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The Portland Trail Blazers drew the short straw this year

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The Portland Trail Blazers drew the short straw this year

Trail Blazers’ Damian Lillard takes a contested shot against the Golden State Warriors.

Trail Blazers’ Damian Lillard takes a contested shot against the Golden State Warriors.

Trail Blazers’ Damian Lillard takes a contested shot against the Golden State Warriors.

Trail Blazers’ Damian Lillard takes a contested shot against the Golden State Warriors.

CHRIS ARNESON | Evergreen columnist

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Don’t tell point guard Damian Lillard, but the Blazers need a miracle to make it out of the Western Conference this season.

Despite a shellacking by the Chicago Bulls on Tuesday night, Portland is sitting at (7-5), a solid start to the season. But if you take a closer look at what they are up against, their chance at a Larry O’Brien Trophy looks to be slim to none.

The Blazers are led by their two-time all-star Lillard, paired with backcourt comrade and winner of the Most Improved Player of the Year in 2016 shooting guard C.J. McCollum. Video Game Dame (Lilliard) is averaging a ridiculous 30 points per game early on, an average that looks nice now, but his high usage rate isn’t sustainable over 82 games.

His running mate, McCollum, is looking to build off his vastly improved offensive game in 2015-2016, in which he increased his scoring average 14 points from the previous year. Sharpshooting a 41 percent career mark from three-point land, McCollum is a valuable player in a league where stretching the floor has become essential to compete with the likes of Golden State.

Speaking of Golden State, the dream team that resides in the Bay Area is unquestionably the biggest roadblock for Rip City. This summer they added forward Kevin Durant, the second-best player in the league, to a roster with three all-stars in the starting lineup already, including the third-best player in the league, point guard Stephen Curry.

If the former National Basketball Association (NBA) commissioner David Stern were still commissioner, I have a feeling he would have blocked the KD move to Golden State, similarly to when he obstructed Chris Paul’s trade to the Lakers in 2011. If Paul to the Lakers is like getting an A on a test, Durant to the Warriors is like getting accepted into Harvard.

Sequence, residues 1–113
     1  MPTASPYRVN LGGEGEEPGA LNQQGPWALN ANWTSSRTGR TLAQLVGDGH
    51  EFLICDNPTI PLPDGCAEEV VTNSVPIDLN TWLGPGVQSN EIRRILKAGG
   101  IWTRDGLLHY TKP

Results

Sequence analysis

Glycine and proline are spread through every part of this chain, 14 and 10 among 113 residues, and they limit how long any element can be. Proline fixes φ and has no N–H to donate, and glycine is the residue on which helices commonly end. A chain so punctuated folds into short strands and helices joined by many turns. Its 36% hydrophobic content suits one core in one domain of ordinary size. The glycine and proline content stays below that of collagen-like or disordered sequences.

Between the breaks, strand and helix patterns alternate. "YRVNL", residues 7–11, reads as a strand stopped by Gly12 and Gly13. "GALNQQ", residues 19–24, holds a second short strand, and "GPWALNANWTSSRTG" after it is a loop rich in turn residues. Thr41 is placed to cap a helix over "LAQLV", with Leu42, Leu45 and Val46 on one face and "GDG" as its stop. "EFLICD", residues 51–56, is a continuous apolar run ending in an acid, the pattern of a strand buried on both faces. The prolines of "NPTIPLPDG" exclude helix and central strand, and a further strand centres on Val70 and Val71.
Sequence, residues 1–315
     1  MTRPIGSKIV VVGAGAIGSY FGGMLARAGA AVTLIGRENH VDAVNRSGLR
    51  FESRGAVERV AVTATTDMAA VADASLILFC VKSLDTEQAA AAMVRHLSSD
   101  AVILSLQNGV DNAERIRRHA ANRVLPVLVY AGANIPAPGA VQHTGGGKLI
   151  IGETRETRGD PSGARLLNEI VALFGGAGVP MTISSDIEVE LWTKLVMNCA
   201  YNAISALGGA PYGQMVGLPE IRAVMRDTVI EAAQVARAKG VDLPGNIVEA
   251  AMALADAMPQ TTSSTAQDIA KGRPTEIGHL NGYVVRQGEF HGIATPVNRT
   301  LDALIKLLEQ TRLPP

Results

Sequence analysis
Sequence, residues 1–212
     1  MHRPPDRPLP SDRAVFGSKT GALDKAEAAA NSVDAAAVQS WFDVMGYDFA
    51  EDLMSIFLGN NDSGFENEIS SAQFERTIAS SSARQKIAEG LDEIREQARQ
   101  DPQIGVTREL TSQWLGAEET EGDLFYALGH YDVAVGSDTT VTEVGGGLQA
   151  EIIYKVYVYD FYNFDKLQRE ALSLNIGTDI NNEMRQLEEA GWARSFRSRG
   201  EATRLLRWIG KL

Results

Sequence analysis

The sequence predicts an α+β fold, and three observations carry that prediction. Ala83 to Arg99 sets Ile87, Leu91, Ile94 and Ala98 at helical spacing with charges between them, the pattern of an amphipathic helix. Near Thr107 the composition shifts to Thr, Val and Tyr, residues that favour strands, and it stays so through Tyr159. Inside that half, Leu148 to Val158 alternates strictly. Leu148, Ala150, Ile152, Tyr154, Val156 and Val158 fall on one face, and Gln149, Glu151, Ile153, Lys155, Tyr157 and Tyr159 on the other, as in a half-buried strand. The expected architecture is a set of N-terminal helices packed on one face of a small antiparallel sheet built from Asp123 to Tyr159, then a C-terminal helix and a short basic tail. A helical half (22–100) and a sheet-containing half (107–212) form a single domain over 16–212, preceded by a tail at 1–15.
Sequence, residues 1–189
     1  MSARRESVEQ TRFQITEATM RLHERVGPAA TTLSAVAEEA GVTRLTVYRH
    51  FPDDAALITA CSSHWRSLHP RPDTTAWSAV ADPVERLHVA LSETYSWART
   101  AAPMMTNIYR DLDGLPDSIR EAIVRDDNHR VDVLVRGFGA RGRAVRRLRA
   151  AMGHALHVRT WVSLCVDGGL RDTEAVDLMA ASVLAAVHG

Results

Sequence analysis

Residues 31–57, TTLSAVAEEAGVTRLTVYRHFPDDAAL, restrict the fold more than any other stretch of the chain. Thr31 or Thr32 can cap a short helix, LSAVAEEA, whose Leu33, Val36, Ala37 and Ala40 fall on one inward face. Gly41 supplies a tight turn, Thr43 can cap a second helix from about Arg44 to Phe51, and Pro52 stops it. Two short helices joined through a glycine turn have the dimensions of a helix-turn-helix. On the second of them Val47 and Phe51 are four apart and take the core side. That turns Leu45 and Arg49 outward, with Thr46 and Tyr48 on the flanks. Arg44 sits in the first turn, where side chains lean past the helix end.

Along with the stacked Warriors, Spurs Head Coach Gregg Popovich and his team are in it every year, with guard-forward Kawhi Leonard taking the next step to superstardom this season and looking to contend for the MVP. Leonard is the best defensive player in the NBA, one of only two or three guys who can actually slow down LeBron James. He is also an immensely improved outside shooter since his days at San Diego State, shooting a crazy 44 percent from the three-point range last season versus 38 percent his rookie year.

In addition to Golden State and San Antonio, the Clippers with a finally healthy forward-center Blake Griffin are looking more formidable than ever this year. The Clippers are currently (10-1) through Tuesday night. Griffin, who missed most of last season with various injuries, is a prototypical stretch four whose outside shooting has improved as well, though his range doesn’t extend to the three-point line. Running with fellow all-stars center DeAndre Jordan and Paul and one of the best coaches in the NBA in Doc Rivers, this could finally be the year the Clippers make it to the Western Conference Finals.

Portland’s roster has completely turned over since the 2014-2015 season, in which they saw four of their five starters depart. They have supplemented their weak bench with middling space fillers: From mid-range demon guard Evan Turner to a trio of frontcourt mediocrity in center Festus Ezeli, power forward Noah Vonleh and forward-center Ed Davis. They paid shooting guard Allen Crabbe $75 million to back up McCollum when most people still think he is an item at a seafood restaurant.

Most importantly, though, if the Blazers want to compete right now in the impossible Western Conference, they have to make a move to pick up a quality big man, their weakest spot in the lineup. Center Brook Lopez is rotting away in Brooklyn, forward-center DeMarcus Cousins has spent his whole career in coaching turmoil in Sacramento, and even Cousins’ backup Willie Cauley-Stein is young with a lot of upside and reportedly on the trading block.

There is a lot of opportunity out there for the Blazers in the Wild West. Times may be tough now, with the Warriors, Spurs and Clippers blockading the road to the finals, but they are just one player away from competing with the rest of the conference.

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The Portland Trail Blazers drew the short straw this year